Alex Aviña, a historian at the University of Arizona and a new contributor to FOREIGN EXCHANGES, does some great thinkering and pulls together some very helpful information for those who have never given much consideration to how the US/Mexico border represents and enforces American Imperialism and settler colonialism. Both parts are very much worth the read. I have researched a bit about all of these things as I dug deeper into settler colonialism and the meaning of our neoliberal regime, but there is a lot still to learn. These articles are good starting places.
From Part 1, 23Aug2021…
The War on Terror post-9/11, we tend to forget, possessed a southnern front: the US-Mexico border. In a widely-covered 2004 article, Samuel Huntington updated his “clash of civilizations” thesis to posit “unassimilable” Mexican migrants as the main civilizational threat to “Anglo-Protestant culture.” (Pat Buchanan made a similar argument in his 2002 screed, The Death of the West, but poor Pat did not possess that Harvard social capital.) Congressional reports that alleged alliances between leftist “Pink Tide” Latin American governments and transnational terrorist organizations and/or Iran mirrored the re-emergence of anti-migrant nativism and paramilitarism in the US southwest in 2005 that connected undocumented migration and “open borders” to possible terrorist infiltration of the country. Minutemen vigilantes claimed they found prayer rugs in the desert, along with Arabic-speaking migrants—some of whom had allegedly adopted Latin American noms de guerre to avoid detection.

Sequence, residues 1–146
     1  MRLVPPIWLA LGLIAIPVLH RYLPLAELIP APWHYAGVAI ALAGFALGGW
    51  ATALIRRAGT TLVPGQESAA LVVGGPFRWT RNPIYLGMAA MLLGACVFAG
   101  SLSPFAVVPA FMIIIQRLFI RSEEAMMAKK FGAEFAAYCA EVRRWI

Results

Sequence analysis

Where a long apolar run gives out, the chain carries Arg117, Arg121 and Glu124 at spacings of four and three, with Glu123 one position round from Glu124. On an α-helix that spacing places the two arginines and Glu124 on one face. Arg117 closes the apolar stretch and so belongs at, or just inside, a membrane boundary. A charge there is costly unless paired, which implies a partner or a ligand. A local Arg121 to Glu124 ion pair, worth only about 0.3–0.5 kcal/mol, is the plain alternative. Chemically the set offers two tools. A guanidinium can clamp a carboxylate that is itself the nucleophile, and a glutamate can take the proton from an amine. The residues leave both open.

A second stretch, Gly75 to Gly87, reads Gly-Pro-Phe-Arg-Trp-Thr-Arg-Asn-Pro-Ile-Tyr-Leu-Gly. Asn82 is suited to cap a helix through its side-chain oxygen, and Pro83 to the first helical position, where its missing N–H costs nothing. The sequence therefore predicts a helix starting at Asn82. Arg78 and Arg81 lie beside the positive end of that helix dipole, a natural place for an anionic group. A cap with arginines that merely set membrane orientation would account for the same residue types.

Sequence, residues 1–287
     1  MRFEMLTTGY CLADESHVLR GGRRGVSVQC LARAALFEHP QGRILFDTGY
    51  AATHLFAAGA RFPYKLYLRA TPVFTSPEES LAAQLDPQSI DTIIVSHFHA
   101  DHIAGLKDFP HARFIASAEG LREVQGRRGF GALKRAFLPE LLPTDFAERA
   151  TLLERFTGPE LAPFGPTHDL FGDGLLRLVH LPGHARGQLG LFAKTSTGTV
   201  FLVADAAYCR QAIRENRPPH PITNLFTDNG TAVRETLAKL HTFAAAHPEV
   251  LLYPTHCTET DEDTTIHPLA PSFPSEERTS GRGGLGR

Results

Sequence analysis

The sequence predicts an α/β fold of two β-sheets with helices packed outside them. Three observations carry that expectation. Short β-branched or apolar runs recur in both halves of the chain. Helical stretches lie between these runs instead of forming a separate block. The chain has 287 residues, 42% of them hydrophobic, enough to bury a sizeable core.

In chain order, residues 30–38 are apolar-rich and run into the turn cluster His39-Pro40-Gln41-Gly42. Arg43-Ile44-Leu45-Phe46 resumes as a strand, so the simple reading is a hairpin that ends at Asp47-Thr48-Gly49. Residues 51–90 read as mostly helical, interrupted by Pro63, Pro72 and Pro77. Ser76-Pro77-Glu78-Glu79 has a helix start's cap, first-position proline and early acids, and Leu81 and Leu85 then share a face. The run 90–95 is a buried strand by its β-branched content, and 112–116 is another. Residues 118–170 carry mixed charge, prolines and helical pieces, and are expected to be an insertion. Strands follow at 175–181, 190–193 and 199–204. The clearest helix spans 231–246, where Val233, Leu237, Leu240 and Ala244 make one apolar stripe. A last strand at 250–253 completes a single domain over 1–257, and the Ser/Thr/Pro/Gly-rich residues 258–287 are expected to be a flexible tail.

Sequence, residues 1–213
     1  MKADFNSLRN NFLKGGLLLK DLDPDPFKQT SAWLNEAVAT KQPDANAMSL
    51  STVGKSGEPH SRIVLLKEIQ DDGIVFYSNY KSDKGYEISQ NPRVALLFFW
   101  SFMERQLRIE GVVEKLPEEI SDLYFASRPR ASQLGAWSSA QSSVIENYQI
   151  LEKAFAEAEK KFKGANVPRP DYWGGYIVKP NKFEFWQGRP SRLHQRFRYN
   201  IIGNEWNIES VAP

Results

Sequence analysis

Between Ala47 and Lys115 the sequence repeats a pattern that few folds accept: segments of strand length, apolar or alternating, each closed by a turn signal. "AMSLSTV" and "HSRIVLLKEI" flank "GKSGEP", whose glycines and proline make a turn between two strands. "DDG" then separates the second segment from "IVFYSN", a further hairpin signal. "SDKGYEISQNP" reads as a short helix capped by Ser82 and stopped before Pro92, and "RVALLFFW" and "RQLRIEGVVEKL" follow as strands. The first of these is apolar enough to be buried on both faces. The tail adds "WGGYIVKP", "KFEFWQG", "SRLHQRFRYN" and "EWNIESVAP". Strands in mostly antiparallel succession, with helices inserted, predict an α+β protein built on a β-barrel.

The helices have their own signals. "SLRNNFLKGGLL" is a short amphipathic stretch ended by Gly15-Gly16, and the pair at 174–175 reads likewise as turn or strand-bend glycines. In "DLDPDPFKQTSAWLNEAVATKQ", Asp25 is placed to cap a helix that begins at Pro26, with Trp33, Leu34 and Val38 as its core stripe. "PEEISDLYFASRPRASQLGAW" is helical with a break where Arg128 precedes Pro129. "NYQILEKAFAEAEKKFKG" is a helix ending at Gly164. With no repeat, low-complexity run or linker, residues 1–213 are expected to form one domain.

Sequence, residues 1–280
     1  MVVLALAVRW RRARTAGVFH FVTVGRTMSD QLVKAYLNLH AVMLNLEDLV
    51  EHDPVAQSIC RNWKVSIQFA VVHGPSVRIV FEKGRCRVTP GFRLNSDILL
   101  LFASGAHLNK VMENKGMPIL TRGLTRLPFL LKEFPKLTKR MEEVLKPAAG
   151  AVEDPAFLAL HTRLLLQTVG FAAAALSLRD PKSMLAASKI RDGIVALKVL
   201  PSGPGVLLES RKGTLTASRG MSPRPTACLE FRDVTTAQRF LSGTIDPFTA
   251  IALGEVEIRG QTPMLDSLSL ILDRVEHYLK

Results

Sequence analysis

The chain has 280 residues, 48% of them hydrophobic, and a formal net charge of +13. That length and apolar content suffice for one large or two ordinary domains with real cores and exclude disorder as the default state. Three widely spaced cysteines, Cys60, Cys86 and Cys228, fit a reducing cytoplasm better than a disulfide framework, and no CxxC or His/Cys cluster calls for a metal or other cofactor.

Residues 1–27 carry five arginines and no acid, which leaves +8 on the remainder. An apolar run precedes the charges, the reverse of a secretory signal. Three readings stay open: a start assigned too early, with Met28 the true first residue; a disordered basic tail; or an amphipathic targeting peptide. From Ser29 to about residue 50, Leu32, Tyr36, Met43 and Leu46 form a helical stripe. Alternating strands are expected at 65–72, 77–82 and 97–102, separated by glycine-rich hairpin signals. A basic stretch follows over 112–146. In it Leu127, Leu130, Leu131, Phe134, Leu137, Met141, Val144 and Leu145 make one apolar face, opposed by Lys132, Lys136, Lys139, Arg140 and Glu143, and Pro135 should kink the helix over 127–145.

These examples—not to mention the current debate about the so-called “border crisis” eagerly trumpeted by Republican politicians and whose “border security” framing is accepted by a majority of Democratic political leaders—reveal two “iron laws” of mainstream US political discourse regarding the US-Mexico border. First, during moments of US imperial anxiety (provoked by territorial expansion) or defeat (Vietnam, Iraq circa 2005-06), the border becomes dangerously insecure. As George W. Bush announced in May 2006 during a prime time television address focused on immigration, “we do not yet have full control of the border.” Second, the more militarized, walled-off, and deadly the border becomes on the ground for migrants, the more open and “out of control” it is in political discourse. We are entering the fifth decade of sustained militarization of the southern border and yet it is allegedly more out of control now than ever.Source: The American Maginot Line, Part 1 – by Alex Aviña – Foreign Exchanges
From Part 2, 27Sep2021
In a different time and place, V.I. Lenin wrote a caution useful for our understanding of the US-Mexico border as a primary site for the formation of American empire: “there is no more erroneous nor harmful idea than the separation of foreign and internal policy.” Indeed, as I argued in the first part of this essay, the US-Mexico borderlands represent the space—physical, political, ideological—where the foreign and the internal historically collapse into one, shaping the development and contours of US empire in its various iterations. Tracing the history of Arizona’s Fort Huachuca, from its origins as a settler colonial outpost waging war against the Apaches to its current role as the world’s largest drone training base, reveals how and why those imperial iterations came to be.
This history also suggests that the southern US border is the focus of its own “forever war,” fundamentally dependent on conflict against an array of “enemies” for its creation, maintenance and expansion. Since the 1870s, that list of enemies has included rebellious indigenous polities, migrants, refugees, racialized communities living and working in the borderlands, illicit drugs, and even popular movements seeking radical change throughout Cold War Latin America. Past imperial efforts to contain, repel, or destroy those enemies decisively shaped our current “forever war,” the War on Terror.Source: The American Maginot Line, Part 2 – by Alex Aviña – Foreign Exchanges